Neil Gader on Electronics Under $15,000 and Loudspeakers Under $20,000
I’m no economist, but in spite of the year’s financial ups and downs I was more inspired by what I saw and heard at this year’s RMAF than any in the past few years. The mood was vastly more upbeat and the passion and energy of the attending audiophiles remains unwaveringly high. But it was in the resiliency and imagination of the industry that I glimpsed a silver lining to all the recent negative fallout. Many smart designers are avidly courting a market a few rungs down from the reference flagship buyer. This is a boon for deal-seekers. Mid-priced and entry-level—digital and analog—have never sounded as good as they do today. Is it over industry anxiety that hobbyists are welcoming a new era of modesty and restraint in buying habits? Who knows? But clearly the high-end is game for a challenge. I found gear in all categories that was scaled back in price and features but not in the level of raw performance. My coverage encompassed electronics in the sub-$15k level and loudspeakers beneath the $20k waterline. Often way, way under.
Speakers that Spoke to Me
In celebration of the company’s 25th Anniversary, RMAF marked the debut of the Audio Physic Virgo 25. This three-way design with side-firing woofer represents an all-in-house redesign based on a unique cone tweeter and midrange unit, each sporting dual baskets for isolation and heat dissipation and a technology that effectively decouples the drivers from the raked baffle. The 41" tall 64-pounder has a nominal impedance of 4 ohms (bottoming out at a reasonable 3.5 ohms at 400Hz) and a sensitivity of 89dB. Driven by the attractive Trigon Energy electronics, the Virgo 25 possessed the clarity and detail I’ve always enjoyed form AP speakers. Price: $12,500
The Avatar Acoustics room was featuring a sensuous, new speaker entry, the Rosso Fiorentino Volterra. Italian obviously, it’s a relatively short floorstander at 41** in a 2.5-way configuration. The enclosure resembles an inverted trapezoid form, top and bottom, decoupled in the center by a fully isolated crossover enclosure. There’s an 8** Nomex woofer in the sealed lower cabinet and a 6.5.** Nomex midbass and 1.12** soft dome tweeter in the ported upper module. A super-tweeter option is available on request. Price: $12,995. The sound was smooth and elegant in an otherwise superior system comprised of a Dr. Feikert Blackbird turntable with the Feikert DFQ 10.5 tonearm and all AMR electronics including the AM-77.1 integrated. Price: $9995.
But the big news from AMR is the all new tube-driven phono preamp, the AMR PH-77. One of the new generation of combo-phonostages bundled with a 24-bit/96kHz USB/DAC, it is accommodating to say the least, it will handle three cartridges via a trio of switching inputs plus a bypass, with the option of custom settings. It sports on-the-fly remote-control settings for gain, curve, and impedance. This level of excitement doesn’t come on the cheap but it was a beauty. Price: $11,995.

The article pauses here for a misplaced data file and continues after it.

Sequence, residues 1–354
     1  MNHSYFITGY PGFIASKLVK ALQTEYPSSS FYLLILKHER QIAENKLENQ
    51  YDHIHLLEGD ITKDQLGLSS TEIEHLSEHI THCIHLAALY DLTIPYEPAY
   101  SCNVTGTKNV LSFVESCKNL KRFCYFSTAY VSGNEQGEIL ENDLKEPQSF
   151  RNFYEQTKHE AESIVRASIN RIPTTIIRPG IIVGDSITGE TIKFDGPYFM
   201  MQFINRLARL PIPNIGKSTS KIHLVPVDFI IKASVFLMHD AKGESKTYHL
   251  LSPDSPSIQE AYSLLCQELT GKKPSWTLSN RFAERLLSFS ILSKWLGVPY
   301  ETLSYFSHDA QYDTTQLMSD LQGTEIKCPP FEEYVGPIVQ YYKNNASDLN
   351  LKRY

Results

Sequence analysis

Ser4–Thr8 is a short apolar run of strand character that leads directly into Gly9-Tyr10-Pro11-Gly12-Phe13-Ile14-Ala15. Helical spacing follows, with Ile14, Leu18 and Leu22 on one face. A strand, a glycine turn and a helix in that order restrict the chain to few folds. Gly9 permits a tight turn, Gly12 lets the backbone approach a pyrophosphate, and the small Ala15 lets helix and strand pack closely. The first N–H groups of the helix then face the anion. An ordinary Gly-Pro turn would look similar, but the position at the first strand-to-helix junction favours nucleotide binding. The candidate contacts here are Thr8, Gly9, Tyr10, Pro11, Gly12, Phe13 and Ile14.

Another show premiere was the Dynaudio DM 3/7, a slim-line, 38** tall, two-way floorstander sporting Dynaudio’s own 1.1** textile dome tweeter and a pair of 6.7** composite midbass transducers with oversize 3** voice coils. A bass-reflex design, it has a solid non-resonant 25mm front baffle. Sensitivity is 86dB with a nominal impedance of 4 ohms. Price: $2000
The Ovator Series is expanding beyond the S-600 with the North American premiere of the Naim S-400. A slightly smaller version roughly 2/3 the size of the original Ovator S-600, it uses many of that speaker’s principles including the BMR balanced-mode-radiator driver. An 88dB sensitivity, 4-ohm speaker that weighs in at 66 pounds with a price of $5250/pair, the bass drivers are 6.5** versus the S-600’s 8** and the BMR is 47mm versus the S-600’s 85mm.
PMC demo’d the latest Fact Series models, the PMC Fact 8 ($9999) and the stand-mounted PMC Fact 3 ($7950 plus $1300 for stands). The back panel features +/-2dB treble adjustments and -3dB or -6dB for the bass. The speakers share drivers and crossover, but the floorstanding Fact 8 benefits from a much larger transmission line, which can be heard in better dynamics, with more ambience and extended bass. The speakers’ footprints are close to the same, so in my view opt for the Fact 8 if you can afford the relatively small additional cost. Credit is also owed the superb Bryston electronics including a 4B stereo amp, and BCD-1 player/BDA-1 convertor. Synergistic Research provided Galileo cabling and Tesla power conditioning.
The Rethm Trishna was one of the brightest surprises of the show. Designed for smaller rooms it retains the beautiful eccentricity of larger models, yet retains the designer’s vision with its paper-coned full-range driver in a narrow horn-loaded cabinet. The active bass is handled by twin 5** woofers in a sealed isobaric enclosure powered by an internal 75W FET amp. And the sound? Detailed and open with surprising extension given the speaker’s small footprint. Price: $4500
The Von Schweikert VR33 represents an interesting marketing innovation for these challenging times. This three-way, four-driver, reflex design will be sold factory-direct only—the only VS in the line that will be marketed in this way. Additionally, removing veneers and bringing back the 1976 Vortex Screen cloth-wrap design keep costs down without compromising performance. Designed to be friendly to rear-wall placement, its easygoing 90dB sensitivity and flat 8-ohm impedance make it compatible with tubes or solid-state. Roughly 50** tall, it weighs in at a hefty 100+ lbs each. Price: $3750.
Wharfedale’s new eight-model Diamond 10 Series looks and sounds like value with a capital V, most particularly the Diamond 10.7—a 40** tall, 90dB sensitivity floorstander that features a pair of 6.5** Kevlar woofers, a 2** midrange and 1** silk dome tweeter. Price: $1160.
And finally, Zu Audio, a manufacturer with a sense of humor to match its serious technical side, unveiled the Omen at $1500. Alongside the slightly pricier Soul and Soul Superfly loudspeakers ($1800 and $2600 respectively), the Zu Omen continues the retro trend established back in the late 1990s—high efficiency (98dB sensitivity, 12-ohm impedance for the Omen) and high output built around a classic but fully revised 10** full-range paper-cone driver (good to 10kHz) and a dome tweeter with a machined-aluminum waveguide. Affordable and fun, the Omen thrived on low-power tubes, clocking in with great dynamics and punch.